“I dream of becoming a farmer” has been trending among urbanites over the last few years. Now, the Covid-19 crisis, especially in the cities, growing awareness on the need for healthy food and lifestyle as well as the new options to work away from office have further increased the attractions of farm life. While the non-financial benefits of the concept are good, you must still analyse it from an investment lens, before ploughing deeper.
There are at least five main attractions to farm land investment. One, if you are keen to invest in real estate, traditional choices — commercial assets such as malls, offices and retail spaces, residential properties or land — have less potential and higher risk, currently. With rural development and agricultural growth emerging as new themes, asset purchase with this focus can turn out be a good bet on Bharat.
Two, farmland investments can be attempted with a much smaller capital. For example, flats may require investments of over ₹20 lakh, at the very least; agri land may be available for as low as ₹2 lakh per acre. Three, unlike plots of land — which can also be bought with a small sum — farm land can potentially provide you income. For instance, depending on circumstances, an acre of land can give an income of ₹30,000 per year and a return of 3-5 per cent potentially, after expenses. Your profit can be higher for larger land or based on operational decisions such as what to grow and how to sell.
Four, you can boost the capital appreciation potential by improving the land. One method is to convert the land to be organic over a few years, making it more attractive for buyers. Other choices include adding irrigation and other resources to enhance output.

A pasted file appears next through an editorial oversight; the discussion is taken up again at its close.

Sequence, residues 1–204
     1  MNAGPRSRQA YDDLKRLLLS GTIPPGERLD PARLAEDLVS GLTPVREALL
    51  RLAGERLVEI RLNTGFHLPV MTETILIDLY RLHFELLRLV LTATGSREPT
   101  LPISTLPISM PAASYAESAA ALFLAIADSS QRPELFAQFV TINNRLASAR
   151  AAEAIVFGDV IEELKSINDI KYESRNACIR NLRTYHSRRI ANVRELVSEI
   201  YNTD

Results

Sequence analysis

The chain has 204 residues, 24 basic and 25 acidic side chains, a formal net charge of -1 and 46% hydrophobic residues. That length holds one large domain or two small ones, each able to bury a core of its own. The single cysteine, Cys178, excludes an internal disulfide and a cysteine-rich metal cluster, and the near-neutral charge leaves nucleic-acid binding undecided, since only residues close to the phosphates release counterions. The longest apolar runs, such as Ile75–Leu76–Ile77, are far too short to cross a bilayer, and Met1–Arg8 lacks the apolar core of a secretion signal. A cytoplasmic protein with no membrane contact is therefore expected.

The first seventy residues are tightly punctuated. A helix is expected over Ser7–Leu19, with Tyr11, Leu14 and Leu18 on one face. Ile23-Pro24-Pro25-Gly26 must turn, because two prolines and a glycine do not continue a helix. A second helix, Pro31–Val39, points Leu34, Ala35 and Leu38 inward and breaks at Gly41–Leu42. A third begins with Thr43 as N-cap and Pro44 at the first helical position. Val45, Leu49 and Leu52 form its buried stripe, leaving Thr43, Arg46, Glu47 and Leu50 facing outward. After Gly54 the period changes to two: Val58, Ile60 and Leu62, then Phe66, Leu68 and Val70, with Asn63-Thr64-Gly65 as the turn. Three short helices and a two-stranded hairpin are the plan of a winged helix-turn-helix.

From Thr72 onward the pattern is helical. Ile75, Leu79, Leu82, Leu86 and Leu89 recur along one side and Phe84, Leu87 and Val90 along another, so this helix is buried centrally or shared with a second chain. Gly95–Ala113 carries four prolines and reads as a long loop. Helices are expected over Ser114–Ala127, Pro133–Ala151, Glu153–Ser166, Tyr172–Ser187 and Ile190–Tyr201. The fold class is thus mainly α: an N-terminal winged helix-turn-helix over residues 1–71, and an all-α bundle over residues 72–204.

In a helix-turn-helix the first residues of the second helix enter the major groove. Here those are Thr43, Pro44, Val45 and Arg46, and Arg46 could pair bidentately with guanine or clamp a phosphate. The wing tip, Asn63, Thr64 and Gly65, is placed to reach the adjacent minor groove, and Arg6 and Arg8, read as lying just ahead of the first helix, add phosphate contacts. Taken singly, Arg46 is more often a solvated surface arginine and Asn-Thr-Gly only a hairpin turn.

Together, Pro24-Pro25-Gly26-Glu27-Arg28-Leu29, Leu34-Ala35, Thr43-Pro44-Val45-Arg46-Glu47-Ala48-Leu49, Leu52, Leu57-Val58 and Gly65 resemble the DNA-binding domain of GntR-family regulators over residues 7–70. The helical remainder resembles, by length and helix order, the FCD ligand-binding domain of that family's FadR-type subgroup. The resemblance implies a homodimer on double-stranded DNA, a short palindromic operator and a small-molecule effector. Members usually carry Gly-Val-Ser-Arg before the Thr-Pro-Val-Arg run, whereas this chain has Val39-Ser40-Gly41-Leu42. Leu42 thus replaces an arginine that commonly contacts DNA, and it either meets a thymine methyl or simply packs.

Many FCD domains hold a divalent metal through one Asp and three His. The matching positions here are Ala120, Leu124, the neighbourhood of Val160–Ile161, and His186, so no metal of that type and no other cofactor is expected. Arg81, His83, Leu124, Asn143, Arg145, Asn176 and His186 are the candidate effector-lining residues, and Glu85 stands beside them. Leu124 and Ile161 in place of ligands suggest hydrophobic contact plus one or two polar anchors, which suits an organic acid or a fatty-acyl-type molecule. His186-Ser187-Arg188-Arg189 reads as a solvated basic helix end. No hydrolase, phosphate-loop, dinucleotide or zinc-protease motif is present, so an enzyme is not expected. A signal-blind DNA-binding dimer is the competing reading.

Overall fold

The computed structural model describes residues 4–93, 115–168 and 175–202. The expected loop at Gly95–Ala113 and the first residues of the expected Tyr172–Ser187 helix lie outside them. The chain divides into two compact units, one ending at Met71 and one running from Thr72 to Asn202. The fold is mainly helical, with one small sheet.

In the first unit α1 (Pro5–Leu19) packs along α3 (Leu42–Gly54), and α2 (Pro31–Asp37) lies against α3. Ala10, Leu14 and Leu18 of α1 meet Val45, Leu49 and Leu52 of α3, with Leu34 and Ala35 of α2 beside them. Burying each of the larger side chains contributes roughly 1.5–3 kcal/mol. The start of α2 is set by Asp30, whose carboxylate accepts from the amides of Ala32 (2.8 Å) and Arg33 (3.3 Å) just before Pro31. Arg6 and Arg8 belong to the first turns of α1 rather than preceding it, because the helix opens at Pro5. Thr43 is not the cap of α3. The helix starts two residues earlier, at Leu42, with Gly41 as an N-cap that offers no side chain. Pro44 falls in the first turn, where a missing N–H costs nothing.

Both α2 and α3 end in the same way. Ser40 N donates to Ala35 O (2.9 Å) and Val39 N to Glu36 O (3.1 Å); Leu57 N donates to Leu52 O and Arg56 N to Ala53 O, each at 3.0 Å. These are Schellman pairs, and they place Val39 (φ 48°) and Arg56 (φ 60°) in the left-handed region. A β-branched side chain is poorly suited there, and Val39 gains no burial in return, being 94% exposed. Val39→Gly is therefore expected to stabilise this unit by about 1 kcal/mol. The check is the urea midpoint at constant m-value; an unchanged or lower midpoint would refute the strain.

Five, some low-yielding agri lands may give good capital returns if they are converted to industrial or other purposes. One example is new infrastructure development such as roads, or economic zones such as industrial parks, for which the government may buy the land. The price paid for land acquisition can be attractive — the Land Acquisition Act requires paying two times the prevailing rate, plus compensation for other losses, in case of taking over rural land.
However, there are at least five uncertainties that you must manage with the investment. One, the purchase may have a high risk of legal tangles, due to lack of land records, undocumented legal heirs and local issues such as shared access. Two, you must budget for ongoing expenses to manage land and not think of it as a residential plot. For example, local norms may require that the land must be cultivated and you will need to manage this, remotely.
Three, if you are counting on the income, be prepared for wildly varying cash flow, due to the vagaries of weather and other factors. If you are new to this, managing labour, investments in equipment, may lead to loss in the first few years, until you find the right fit.
Four, if the purchase was on the hope that the land may be acquired for a project, be sure to plan for a long wait to get a pay-off. For example, a demand raised in September 2015 was paid after three years, in August 2018, based on a case filed in the Patna High Court.
Five, while real estate investments are generally illiquid, farm land may be more so. It could take a long while to find a buyer and complete the transaction, as agriculture land is not an asset that is meant to be traded. There are also potentially high transaction costs due to legal fees and multiple visits that may be needed to close the deal — buying and selling.
Farm land can add diversification along with return potential to your portfolio. This is especially true if you have a horizon of ten years or more. And for those who have a penchant for farming, it may help to quantify the non-financial benefits also in money terms. For example, you may find that rural setting a stress reliever when used as a weekend getaway; you can attach health-benefit savings to this. For others, it can become a new career and some costs may be thought of as educational fees to pick up new skills. That said, these benefits must be weighed against the operational hassles.
One more aspect to check on is whether you are eligible to buy agri land. This is a State subject and many States have restrictions on who is allowed to buy and how much.
You can get paid two times the prevailing rate, plus other compensation when rural land is acquired
Don’t land in trouble
The author is an independent financial consultant